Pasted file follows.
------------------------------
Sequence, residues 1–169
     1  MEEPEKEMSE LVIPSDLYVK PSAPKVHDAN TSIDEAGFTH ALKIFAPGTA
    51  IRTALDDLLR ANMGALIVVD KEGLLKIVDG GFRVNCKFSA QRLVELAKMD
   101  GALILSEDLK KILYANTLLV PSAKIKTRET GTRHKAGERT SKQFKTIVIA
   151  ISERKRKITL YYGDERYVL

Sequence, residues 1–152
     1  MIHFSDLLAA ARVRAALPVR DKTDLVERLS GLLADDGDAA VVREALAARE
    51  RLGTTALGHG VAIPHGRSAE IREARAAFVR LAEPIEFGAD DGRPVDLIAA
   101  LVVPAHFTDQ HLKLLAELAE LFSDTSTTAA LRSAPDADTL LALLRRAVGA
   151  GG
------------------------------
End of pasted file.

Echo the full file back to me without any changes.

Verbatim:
Sequence, residues 1–169
     1  MEEPEKEMSE LVIPSDLYVK PSAPKVHDAN TSIDEAGFTH ALKIFAPGTA
    51  IRTALDDLLR ANMGALIVVD KEGLLKIVDG GFRVNCKFSA QRLVELAKMD
   101  GALILSEDLK KILYANTLLV PSAKIKTRET GTRHKAGERT SKQFKTIVIA
   151  ISERKRKITL YYGDERYVL

Sequence, residues 1–152
     1  MIHFSDLLAA ARVRAALPVR DKTDLVERLS GLLADDGDAA VVREALAARE
    51  RLGTTALGHG VAIPHGRSAE IREARAAFVR LAEPIEFGAD DGRPVDLIAA
   101  LVVPAHFTDQ HLKLLAELAE LFSDTSTTAA LRSAPDADTL LALLRRAVGA
   151  GG